John Harlow in Los Angeles
For Mr Invisible, the first and last blow to his burgeoning career as a superhero was an unexpected punch that flattened his nose.
“After months of designing my costume, getting my street moves just right, it was my first week out as a Real Life Superhero – and probably my last. This tiny, tiny girl did not like me trying to calm down her screaming boyfriend. She blindsided me, I’m still bruised. It’s dangerous out there,” said the deflated would-be crime fighter last week.
Mr Invisible is cheered that at least his grey one-piece “invisibility suit” works, proven when a drunk urinated on him in an alley. But he is weary of lurking in dark, down-town Los Angeles after dark.
The 29-year-old graduate is “refocusing” on his day job as an insurance salesman. His farewell appearance will be at a New Year’s Eve party.
Mr Invisible may be living up to his name but his spray-painted “supershoes” will quickly be filled by another Real Life Superhero eager to save America from itself. There are, according to the recently launched World Superhero Registry, more than 200 men and a few women who are willing to dress up as comic book heroes and patrol the urban streets in search of, if not super-villains, then pickpockets and bullies.
They may look wacky, but the superhero community was born in the embers of the 9/11 terrorist attacks when ordinary people wanted to do something short of enlisting. They were boosted by a glut of Hollywood superhero movies.
In recent weeks, prompted by heady buzz words such as “active citizenry” during the Barack Obama campaign, the pace of enrolment has speeded up. Up to 20 new “Reals”, as they call themselves, have materialised in the past month.
The Real rules are simple. They must stand for unambiguous and unsponsored good. They must create their own Spandex and rubber costumes without infringing Marvel or DC Comics copyrights, but match them with exotic names – Green Scorpion in Arizona, Terrifica in New York, Mr Xtreme in San Diego and Mr Silent in Indianapolis.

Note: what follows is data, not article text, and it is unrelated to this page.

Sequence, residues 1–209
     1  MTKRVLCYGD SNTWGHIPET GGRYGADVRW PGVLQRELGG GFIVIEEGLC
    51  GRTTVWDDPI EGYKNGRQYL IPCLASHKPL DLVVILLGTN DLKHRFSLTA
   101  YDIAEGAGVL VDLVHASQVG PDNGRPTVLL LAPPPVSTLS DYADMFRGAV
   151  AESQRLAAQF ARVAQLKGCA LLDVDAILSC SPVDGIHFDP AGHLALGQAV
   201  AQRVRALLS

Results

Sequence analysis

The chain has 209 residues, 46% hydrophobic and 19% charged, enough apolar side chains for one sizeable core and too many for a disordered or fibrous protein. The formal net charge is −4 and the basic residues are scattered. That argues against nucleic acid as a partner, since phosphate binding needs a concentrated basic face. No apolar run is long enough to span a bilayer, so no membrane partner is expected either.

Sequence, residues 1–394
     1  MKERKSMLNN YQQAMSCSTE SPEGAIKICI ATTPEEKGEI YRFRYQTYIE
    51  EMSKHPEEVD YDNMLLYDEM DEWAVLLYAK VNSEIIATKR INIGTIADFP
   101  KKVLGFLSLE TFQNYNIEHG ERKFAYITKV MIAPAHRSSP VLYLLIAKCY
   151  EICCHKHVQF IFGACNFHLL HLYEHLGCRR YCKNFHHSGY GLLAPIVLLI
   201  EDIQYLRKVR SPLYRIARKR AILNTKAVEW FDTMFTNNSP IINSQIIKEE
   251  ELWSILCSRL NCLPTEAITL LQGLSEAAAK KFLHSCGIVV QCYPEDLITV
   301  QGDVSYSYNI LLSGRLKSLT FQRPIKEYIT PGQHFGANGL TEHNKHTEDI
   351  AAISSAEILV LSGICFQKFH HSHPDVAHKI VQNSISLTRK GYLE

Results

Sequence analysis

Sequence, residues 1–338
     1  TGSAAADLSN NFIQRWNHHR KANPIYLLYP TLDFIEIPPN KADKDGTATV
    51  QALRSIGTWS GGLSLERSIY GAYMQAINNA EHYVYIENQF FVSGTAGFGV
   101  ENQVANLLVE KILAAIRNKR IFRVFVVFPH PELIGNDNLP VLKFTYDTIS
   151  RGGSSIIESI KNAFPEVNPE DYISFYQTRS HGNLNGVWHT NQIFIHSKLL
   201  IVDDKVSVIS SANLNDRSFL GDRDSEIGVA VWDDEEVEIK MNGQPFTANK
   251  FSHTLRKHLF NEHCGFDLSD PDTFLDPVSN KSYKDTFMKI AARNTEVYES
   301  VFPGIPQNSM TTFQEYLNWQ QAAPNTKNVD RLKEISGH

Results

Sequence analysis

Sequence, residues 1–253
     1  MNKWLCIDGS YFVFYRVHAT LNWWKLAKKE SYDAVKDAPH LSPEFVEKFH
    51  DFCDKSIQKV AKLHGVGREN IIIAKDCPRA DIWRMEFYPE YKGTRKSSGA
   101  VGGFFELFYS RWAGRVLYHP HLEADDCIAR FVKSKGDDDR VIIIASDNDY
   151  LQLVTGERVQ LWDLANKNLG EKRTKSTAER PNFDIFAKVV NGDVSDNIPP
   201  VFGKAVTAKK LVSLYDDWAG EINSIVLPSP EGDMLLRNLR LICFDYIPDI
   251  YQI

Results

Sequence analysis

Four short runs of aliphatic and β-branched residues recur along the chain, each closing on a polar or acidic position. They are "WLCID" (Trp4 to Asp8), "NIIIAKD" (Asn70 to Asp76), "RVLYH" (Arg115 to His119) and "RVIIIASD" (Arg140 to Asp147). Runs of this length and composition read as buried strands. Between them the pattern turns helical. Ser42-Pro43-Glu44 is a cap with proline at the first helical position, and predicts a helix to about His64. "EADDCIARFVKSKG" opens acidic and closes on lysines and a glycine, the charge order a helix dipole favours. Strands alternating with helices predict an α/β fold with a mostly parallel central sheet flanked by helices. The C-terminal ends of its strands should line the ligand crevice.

They must shun guns or knives to avoid being arrested as vigilantes, even if their nemeses may be armed. Their best weapon is not muscle but the internet – an essential tool in their war on crime is a homepage stating the message of doom for super-villains.
This is more than bravado, say veterans. It may help as evidence after a Real has been arrested or even committed to a mental health hospital for evaluation. That happened to Mr Invisible’s equally short-lived predecessor, Black Owl, who last summer had to be sprung from a psychiatric ward by his teenage daughter who told doctors: “Dad forgot for a moment, when faced with police, just for a moment, that he did not have real superpowers. He could not just fly away.”
“This is a more serious business than it looks,” said Citizen Prime, whose $4,000 (£2,700) costume disguises an Arizona businessman and father of a toddler who thinks his cape, mask and stun-gun are cool.
Prime patrols some of the most dangerous streets in Phoenix but, like most Reals, is reluctant to speak about the villains he has dispatched with a blow from his martial arts-honed forearm. He does admit helping a motorist change a flat tyre.
“Kids love the costume, so I seek to keep them out of the gangs today rather than take them on tomorrow,” said Prime who, at 41, regards himself as on the mature wing of the Real community.
He is worried about lunatics and hotheads. He says he would never act like the Black Monday Society in Salt Lake City who interrupt drug deals in public parks and face off against armed thugs.
Utah police officers say they appreciate Ghost, a 33-year-old concrete worker, and his colourfully costumed cohorts Insignis, Oni, Ha! and Silver Dragon. But other police departments recall that America’s most feared gangs, the Crips and the Bloods, were also born as idealistic “community defenders”.
It can be dangerous. Master Legend of Florida, who arms himself with a pepper-spraying cannon powered by cans of antiperspirant, was attacked by a man with a hammer.
There is a high burn-out rate. Terrifica, a 5ft 9in redcaped superheroine, who would manhandle drunken girls away from heavy-handed dates in nocturnal New York, spoke about how she despised her “weak, needy and dumped” alter-ego Sarah.
Artemis of San Diego reported on his blog that he had heard a woman screaming outside his home but by the time he had dressed up in his costume the police were already there. Kevlex, 47, who runs the Superhero Registry, says he patrols more in winter than summer in Arizona, when his Kevlar and Spandex kit itches. But the deadliest kryptonite against a superhero is boredom.
“I was out every night, 8pm until 2am, hanging about all the bad corners and nothing happened, nada, zip,” recalled Mr Invisible. “It was raining: even the drug dealers were at home. And often cops are just too good at their jobs.”
John Harlow in Los Angeles